At last night’s Council meeting, I spoke about First Aid needed to be taught in schools, primary and secondary.
My speech is below:
Nationally over 600 young people die every year from sudden cardiac arrest with 270 these deaths happening in schools.
As we all know the school population, by its very nature, changes over a number of years. Staff as well as pupils move on so there is always a need for first aid together with CPR to be taught to that new generation of children.
It has been proved over and over again how very young children can make vital decisions in emergency situations – which surprise a lot of adults.
Two stories to tell you:
In Staffordshire, a group of six 15 year olds saved a pensioner who had a nasty fall outside a shopping centre. He had knocked himself unconscious and was bleeding. They had been on a first aid training course a few weeks earlier and they all felt that whilst they did panic, they knew what to do.
In West Yorkshire, a nine year old boy was having dinner with his mum and 19 month old brother when his mum starting choking. Mum pointed at her back and the young boy slapped her between the shoulder blades to try to force air out of her lungs to dislodge the food, but when this didn’t work, he didn’t hesitate and performed the emergency Heimlich manoeuvre. Fortunately, at the beginning of the week he had spent time learning about emergencies at a police summer camp.
There are many more stories of how first aid training can save people’s lives and those were just a couple of them.
But what happens if someone’s heart stops? People need to be able to perform CPR and use this in conjunction with first aid.
Heartstart Oldham started a programme called Hearstart Schools Programme in 2005 and covered 42% of schools within the first year and they continue to work closely with all schools within Oldham.
Every year, trainers go into Oldham Sixth Form College to teach the new cohort of pupils who are studying Health and Social Care within the Basic Life Support training.
At present Heartstart Oldham hold 30 to 40 training courses a year and the demand comes from the community and schools. They have also raised funds for Automated External Defibrillator.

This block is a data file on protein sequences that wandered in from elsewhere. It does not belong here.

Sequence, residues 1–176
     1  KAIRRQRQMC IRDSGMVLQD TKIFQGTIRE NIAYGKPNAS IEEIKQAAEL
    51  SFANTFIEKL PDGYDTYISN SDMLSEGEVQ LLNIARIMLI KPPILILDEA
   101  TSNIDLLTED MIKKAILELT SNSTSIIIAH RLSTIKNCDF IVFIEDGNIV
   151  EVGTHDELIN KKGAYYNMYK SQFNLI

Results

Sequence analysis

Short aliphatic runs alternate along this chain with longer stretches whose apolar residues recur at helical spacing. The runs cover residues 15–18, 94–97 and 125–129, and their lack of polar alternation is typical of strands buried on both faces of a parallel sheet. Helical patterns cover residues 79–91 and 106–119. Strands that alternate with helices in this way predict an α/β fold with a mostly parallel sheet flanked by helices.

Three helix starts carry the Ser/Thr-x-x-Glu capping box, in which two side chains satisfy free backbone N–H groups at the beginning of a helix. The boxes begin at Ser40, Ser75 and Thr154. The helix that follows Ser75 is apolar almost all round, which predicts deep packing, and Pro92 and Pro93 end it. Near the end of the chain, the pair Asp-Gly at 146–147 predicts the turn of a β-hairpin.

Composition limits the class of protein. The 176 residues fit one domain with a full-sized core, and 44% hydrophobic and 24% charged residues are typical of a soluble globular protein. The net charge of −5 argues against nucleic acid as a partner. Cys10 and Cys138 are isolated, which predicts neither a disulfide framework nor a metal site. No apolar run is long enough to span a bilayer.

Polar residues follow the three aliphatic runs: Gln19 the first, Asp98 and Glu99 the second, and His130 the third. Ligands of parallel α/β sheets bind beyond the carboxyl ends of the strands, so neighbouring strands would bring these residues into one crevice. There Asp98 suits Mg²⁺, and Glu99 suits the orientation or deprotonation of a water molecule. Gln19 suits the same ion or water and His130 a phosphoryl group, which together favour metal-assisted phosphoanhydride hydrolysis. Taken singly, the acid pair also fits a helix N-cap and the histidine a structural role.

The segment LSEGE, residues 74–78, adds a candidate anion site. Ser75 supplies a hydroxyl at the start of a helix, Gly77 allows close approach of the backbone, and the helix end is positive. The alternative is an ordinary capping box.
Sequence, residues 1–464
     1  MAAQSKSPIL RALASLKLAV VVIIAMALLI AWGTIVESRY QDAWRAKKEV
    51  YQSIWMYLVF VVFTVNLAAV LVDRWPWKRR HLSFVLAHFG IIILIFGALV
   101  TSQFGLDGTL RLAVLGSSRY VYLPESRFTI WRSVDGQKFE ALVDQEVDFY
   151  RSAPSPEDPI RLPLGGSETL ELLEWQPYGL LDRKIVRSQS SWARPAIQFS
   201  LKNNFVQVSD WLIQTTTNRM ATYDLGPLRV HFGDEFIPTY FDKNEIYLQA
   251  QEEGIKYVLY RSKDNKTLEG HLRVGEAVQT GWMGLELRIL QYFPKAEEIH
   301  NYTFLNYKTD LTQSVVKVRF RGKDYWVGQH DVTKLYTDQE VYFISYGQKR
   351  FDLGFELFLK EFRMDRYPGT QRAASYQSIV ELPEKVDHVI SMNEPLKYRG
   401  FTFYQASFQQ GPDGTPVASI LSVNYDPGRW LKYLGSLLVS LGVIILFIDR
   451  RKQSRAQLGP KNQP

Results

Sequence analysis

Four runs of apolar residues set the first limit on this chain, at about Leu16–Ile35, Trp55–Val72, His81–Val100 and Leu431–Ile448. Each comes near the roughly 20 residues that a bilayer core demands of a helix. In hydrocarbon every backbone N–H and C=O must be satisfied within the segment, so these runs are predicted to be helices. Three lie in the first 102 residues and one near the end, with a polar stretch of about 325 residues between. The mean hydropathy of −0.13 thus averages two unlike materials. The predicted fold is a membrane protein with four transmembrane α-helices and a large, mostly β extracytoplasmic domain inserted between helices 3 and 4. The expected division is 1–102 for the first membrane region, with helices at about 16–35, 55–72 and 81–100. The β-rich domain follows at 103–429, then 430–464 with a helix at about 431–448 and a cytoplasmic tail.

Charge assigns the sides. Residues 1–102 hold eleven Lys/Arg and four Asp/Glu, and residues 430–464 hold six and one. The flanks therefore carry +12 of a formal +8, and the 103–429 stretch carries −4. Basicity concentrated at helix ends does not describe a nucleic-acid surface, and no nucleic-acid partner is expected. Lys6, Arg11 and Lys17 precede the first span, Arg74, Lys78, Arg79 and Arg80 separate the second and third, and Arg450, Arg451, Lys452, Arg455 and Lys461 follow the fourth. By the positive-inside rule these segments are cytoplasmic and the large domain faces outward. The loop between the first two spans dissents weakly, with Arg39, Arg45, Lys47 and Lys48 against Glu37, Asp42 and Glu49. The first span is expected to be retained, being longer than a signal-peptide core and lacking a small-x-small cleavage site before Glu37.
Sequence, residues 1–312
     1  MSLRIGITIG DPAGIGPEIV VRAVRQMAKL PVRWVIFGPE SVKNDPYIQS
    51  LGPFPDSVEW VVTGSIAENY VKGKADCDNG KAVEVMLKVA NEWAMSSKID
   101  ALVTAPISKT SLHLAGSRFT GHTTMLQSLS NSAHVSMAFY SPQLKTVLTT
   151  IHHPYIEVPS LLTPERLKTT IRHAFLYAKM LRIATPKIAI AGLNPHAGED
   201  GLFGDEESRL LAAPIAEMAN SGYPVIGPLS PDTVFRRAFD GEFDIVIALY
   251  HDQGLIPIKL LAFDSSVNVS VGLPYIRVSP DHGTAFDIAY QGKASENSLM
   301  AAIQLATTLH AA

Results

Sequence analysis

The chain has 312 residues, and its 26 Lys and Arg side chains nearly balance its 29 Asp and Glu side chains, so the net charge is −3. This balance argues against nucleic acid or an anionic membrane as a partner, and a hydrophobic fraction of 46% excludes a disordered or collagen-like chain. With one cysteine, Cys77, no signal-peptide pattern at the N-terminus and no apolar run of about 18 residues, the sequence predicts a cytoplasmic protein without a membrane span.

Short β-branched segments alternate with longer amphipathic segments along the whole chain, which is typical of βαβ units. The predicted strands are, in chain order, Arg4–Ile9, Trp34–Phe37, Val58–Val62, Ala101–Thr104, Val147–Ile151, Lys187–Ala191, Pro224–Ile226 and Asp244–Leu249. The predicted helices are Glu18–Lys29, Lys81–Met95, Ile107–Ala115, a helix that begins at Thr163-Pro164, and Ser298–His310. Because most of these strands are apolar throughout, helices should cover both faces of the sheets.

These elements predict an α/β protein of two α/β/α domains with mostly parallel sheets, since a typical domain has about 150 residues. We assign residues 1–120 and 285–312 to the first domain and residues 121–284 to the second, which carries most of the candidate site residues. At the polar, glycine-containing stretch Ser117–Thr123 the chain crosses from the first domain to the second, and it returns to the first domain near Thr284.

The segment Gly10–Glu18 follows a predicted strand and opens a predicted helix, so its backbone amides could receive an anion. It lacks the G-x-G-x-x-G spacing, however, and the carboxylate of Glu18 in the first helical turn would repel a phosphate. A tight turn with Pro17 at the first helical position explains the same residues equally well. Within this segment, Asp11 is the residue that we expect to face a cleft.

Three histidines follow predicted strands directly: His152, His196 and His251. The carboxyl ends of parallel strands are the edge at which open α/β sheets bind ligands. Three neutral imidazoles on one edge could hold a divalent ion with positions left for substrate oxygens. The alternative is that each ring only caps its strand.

The most update to information I have received is that as part of the Healthy Schools Project and Heartstart they have been into 34 schools and funded 24 Defibrillators.
These Defibs are easy to use – even people who have never seen or used one before can. They are not dangerous and an AED will not allow a shock to be given to someone unless they are in cardiac arrest.
After turning an AED on the user is guided at every step by voice prompts and some have visual displays for those with hearing problems.
Despite people’s concerns, nobody to date has been successfully sued for using an AED on a person in cardiac arrest – even in the USA.
Tragically, I know sometimes an incident happens and despite people’s best efforts, they are unable to revive a person.
Unfortunately, whilst I was Chair of Governors at Royton & Crompton School, a young man called Ashley Livesey, collapsed and died whilst on a cross country run. The teacher and I believe some pupils, did all they could to save him, but unfortunately nothing could be done. Ashley was one of the 600 people under the age of 35 in the UK who died of Sudden Arrhythmic Death Syndrome.
This was not only a tragedy for his family and friends, but he was a great loss to the school community. Because of what happened to Ashley, Gary and Julie, his Mum and Dad, as well as his twin sister Lucy, have raised funds for a Defibrillator in school.
I would personally like to praise them for all that they do and this is one of the reasons why I am moving this motion.
The Liberal Democrats nationally supported the proposals for First Aid to be taught in Primary and Secondary schools and want it to be included in the national curriculum through Personal, Social, Health, Education and Economic provision.
Sir Bob Russell, who is the Chair of the First Aid All Party Parliamentary Group, believes that by teaching these skills in schools we would have a million qualified First Aiders in a generation, which would then save countless lives.
So on that basis it would seem sensible that CPR and first aid training should be taught in schools. I know within Oldham some of this is happening already, but we would like the Council to write to the Secretary of State for Education and others urging them to introduce First Aid as part of the national curriculum.
As for the AEDs that I have mentioned, I hope that the Director of Public Health will be able to come back to Council with a positive report on the possibility of phased funding and training for happen in Oldham.
Action: Overview and Scrutiny would look into this.
For more information on Heartstart please contact John Ashworth – email@example.com